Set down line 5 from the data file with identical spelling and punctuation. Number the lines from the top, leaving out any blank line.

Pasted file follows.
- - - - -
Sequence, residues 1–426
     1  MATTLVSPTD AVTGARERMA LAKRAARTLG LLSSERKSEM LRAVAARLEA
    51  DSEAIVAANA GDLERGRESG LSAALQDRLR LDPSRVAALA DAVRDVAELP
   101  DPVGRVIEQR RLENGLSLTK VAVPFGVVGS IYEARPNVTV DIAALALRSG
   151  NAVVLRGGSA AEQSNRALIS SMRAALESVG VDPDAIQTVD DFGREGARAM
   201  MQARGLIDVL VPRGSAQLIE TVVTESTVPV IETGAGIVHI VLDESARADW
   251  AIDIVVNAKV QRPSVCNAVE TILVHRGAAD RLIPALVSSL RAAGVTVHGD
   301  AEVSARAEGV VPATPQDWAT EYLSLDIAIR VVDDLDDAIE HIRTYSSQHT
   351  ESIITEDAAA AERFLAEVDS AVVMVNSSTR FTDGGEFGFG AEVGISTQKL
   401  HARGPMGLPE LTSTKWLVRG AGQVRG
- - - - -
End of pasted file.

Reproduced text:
   151  NAVVLRGGSA AEQSNRALIS SMRAALESVG VDPDAIQTVD DFGREGARAM